Call For Action On Global Groundwater Crisis
International water scientists today issued a call for action over the growing threat to the world´s groundwater supplies from over-extraction and pollution.
Water supplies will begin running out in critical regions where they support cities, industries and food production by 2030 unless urgent steps are taken to better manage the resource, they cautioned.
“The world has experienced a boom in groundwater use, more than doubling the rate of extraction between 1960 and 2000 — with usage continuing to soar up to the present,” says Professor Craig Simmons, Director of Australia´s National Centre for Groundwater Research and Training (NCGRT) and member of the UNESCO´s global groundwater governance program.
A recent satellite study has revealed falling groundwater tables in the United States, North Africa, India, the Middle East and China, where expanding agriculture and cities have increased water demand.
“Groundwater currently makes up about 97 per cent of all the available fresh water on the planet and presently accounts for about 40 per cent of our total water supply. It provides drinking water to cities, is needed to grow much of our food and sustains many industries — yet almost everywhere, there is clear evidence that water tables are falling,” Professor Simmons says. “This means humanity is extracting groundwater much faster than it is naturally replaced.”
“Not many people think of groundwater as a key driver of the global economy — yet it is. If it becomes depleted, entire industries may be forced to shut down or move. Whole regions could face acute water scarcity.”
The groundwater crisis is driven by a competition for increasingly scarce water supplies between the megacities, the energy sector, manufacturing and farming. It has been hastened by an era of cheap pumps and relatively cheap energy, making it easy to extract.
“Over-extraction also has serious implications for the environment, especially when the climate is warming — as falling water tables can lead to emptying lakes and rivers and dying landscapes as the water they depended on is withdrawn,” Professor Simmons says.
“The blunt fact is that most countries and local regions did not know the size of their water resources when then began extracting them, nor how long it took to recharge. In some cases this can take centuries or even millennia. As a result they are now extracting their water unsustainably.”
Water is emerging as potentially one of the main limits to Chinese economic growth: groundwater supplies 40% of China´s food and 70% of its drinking water — yet water levels in aquifers in some regions are sinking by a meter or more a year. 660 Chinese cities have polluted supplies or are water insecure.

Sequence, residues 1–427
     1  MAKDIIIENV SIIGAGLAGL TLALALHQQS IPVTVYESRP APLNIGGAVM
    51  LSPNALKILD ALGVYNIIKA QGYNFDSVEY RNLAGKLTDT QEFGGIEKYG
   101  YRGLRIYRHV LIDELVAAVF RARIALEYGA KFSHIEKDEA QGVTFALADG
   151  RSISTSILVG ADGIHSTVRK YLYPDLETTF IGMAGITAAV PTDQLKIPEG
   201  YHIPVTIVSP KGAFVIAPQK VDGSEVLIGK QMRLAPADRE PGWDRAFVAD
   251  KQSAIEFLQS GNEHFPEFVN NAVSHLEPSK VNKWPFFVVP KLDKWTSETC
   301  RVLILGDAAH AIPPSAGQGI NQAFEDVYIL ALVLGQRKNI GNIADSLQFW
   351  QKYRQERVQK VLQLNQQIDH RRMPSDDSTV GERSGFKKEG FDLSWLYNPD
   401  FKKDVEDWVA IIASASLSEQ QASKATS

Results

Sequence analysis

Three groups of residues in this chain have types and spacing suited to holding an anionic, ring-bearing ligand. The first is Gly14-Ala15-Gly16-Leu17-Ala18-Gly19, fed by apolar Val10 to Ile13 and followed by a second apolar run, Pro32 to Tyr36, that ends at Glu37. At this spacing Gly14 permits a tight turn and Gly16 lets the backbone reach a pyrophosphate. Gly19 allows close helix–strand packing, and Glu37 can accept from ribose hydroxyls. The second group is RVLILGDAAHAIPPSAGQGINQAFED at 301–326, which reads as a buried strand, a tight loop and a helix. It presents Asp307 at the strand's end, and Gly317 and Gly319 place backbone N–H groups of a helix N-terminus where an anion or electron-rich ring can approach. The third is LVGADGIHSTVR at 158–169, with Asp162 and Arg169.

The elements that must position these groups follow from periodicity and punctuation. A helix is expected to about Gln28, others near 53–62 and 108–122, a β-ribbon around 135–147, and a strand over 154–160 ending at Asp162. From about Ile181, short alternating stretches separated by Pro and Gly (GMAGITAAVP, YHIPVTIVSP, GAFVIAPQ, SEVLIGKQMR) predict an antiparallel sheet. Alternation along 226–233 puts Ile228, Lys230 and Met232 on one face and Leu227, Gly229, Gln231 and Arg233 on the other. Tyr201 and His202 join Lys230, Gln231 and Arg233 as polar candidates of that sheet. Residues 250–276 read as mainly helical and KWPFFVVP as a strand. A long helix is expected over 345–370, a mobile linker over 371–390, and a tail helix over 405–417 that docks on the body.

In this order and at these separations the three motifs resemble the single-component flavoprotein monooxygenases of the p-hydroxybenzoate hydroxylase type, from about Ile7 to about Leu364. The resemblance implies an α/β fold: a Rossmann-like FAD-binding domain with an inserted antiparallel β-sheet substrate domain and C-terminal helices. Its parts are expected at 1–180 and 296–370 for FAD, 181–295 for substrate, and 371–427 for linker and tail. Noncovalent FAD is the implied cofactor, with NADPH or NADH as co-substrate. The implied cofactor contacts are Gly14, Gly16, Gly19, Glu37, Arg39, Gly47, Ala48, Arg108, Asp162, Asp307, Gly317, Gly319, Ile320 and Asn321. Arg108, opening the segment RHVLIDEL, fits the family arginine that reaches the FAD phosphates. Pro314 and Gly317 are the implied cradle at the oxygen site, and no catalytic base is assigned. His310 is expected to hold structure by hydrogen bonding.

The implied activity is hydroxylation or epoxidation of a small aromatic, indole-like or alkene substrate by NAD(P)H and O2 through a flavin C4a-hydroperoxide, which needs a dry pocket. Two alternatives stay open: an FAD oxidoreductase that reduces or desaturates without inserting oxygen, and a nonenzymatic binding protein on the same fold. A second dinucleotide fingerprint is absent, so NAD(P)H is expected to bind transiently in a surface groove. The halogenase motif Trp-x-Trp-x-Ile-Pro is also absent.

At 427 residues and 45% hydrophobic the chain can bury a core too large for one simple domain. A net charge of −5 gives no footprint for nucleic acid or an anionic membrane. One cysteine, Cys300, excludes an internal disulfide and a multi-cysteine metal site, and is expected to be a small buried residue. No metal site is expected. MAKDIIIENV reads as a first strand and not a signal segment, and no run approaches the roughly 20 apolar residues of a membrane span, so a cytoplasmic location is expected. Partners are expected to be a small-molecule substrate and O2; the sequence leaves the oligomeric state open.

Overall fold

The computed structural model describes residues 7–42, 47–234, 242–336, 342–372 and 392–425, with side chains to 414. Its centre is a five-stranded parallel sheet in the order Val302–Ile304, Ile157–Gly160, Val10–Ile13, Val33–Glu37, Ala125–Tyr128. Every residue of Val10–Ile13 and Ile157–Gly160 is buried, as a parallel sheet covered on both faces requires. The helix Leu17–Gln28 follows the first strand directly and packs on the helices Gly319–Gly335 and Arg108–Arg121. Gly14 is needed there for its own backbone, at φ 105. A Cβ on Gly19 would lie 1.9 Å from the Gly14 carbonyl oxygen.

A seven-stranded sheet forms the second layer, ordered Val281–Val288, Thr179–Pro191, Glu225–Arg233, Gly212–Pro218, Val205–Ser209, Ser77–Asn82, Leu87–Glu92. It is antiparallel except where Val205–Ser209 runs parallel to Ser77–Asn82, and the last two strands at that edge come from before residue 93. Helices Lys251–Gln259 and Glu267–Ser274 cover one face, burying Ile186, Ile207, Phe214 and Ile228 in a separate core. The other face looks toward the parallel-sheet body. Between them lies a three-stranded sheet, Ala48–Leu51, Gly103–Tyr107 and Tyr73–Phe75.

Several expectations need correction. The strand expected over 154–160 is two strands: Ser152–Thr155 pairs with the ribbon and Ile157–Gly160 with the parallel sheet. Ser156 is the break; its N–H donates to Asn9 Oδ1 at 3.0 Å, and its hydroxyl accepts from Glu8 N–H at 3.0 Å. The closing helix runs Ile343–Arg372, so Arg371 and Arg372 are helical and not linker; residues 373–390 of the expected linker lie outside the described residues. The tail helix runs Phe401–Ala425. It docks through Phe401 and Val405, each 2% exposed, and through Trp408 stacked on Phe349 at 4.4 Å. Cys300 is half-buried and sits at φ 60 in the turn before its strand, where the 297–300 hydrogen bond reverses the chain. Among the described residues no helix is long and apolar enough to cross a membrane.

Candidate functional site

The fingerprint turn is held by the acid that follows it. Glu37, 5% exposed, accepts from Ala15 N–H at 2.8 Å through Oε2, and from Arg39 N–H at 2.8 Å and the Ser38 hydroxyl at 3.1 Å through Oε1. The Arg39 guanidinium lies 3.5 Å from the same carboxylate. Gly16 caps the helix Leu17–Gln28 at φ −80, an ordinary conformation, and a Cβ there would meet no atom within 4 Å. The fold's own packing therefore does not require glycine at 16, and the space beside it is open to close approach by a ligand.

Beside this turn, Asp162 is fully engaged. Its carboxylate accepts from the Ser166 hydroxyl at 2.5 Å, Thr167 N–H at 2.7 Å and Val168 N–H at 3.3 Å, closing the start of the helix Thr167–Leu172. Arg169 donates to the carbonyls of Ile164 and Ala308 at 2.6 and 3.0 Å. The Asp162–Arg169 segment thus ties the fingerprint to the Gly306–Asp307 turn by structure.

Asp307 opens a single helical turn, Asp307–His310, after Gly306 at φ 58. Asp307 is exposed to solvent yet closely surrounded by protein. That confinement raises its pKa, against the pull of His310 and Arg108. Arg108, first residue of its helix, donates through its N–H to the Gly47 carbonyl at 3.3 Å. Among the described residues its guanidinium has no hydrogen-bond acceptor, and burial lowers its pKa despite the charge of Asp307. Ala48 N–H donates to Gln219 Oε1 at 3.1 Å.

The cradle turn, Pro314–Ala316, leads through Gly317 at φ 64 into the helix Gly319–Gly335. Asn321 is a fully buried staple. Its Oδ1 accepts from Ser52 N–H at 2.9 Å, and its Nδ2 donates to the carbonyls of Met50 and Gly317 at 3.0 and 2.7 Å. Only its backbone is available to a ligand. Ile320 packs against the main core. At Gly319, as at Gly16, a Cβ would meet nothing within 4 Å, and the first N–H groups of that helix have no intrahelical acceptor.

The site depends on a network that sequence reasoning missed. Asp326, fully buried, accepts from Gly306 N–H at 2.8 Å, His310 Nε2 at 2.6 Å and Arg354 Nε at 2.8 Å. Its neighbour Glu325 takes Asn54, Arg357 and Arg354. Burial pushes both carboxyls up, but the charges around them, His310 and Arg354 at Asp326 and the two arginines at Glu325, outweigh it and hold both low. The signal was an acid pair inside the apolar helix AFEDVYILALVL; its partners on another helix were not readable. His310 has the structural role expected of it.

In the Middle East, depleted aquifers have been a major driver of the relocation of agriculture to Africa and the so-called ℠land-grab´ by wealthy countries. In India the number of wells grew from less than one million in 1960 to 19 million by 2000. Water tables in the key foodbowl are sinking beyond the reach of many farmers´ pumps.
“The crisis in global groundwater is chiefly one of poor governance, exacerbated by a lack of knowledge of the size and condition of the resource, rates of recharge, lack of transparent policy, lack of ownership, lack of price signals to users and a lack of political will to do anything,” says Professor Simmons. “It´s fixable — but it will take a lot of hard work and good science to do so.”
“Until recently this problem was on the world´s back-burner — but it is rapidly moving to the forefront. Groundwater science has improved dramatically in the last decade, giving us the ability to measure and manage the resource — but governance has yet to catch up. Unless it does, we can expect serious problems in the future.”
Even advanced nations such as the United States face a crisis in their use of groundwater, says Law Professor Robert Glennon of the University of Arizona.
“Groundwater now comprises one-quarter of the US supply and more than half of all Americans rely on groundwater for drinking. Unconstrained drilling of new wells, as many as 800,000 per year, has put incredible strain on aquifers around the US,” he says.
“Plummeting groundwater tables have caused earth subsidence, fissures, and saltwater intrusion. It took millennia for this water to accumulate in aquifers, but humans are pumping it out in mere decades.”
The environmental costs of unsustainable groundwater pumping are staggering, says Glennon. Rivers and springs have dried up or been reduced to a trickle. In Arizona, pumping turned a healthy river, the Santa Cruz, into a desiccated sandbox. Even in humid regions, water bodies have suffered. In the Midwest, wells dug to produce spring water for the bottled water industry have compromised blue-ribbon trout streams. And in Florida, scores of lakes have dried up from intense well-field pumping.
The lack of sensible regulation has created incentives for unlimited access to a finite resource, according to Glennon. “An aquifer is like a milkshake glass and each well is the equivalent of a straw in the glass. What most countries permit is a limitless number of straws in the glass. This is a recipe for disaster,” he says.
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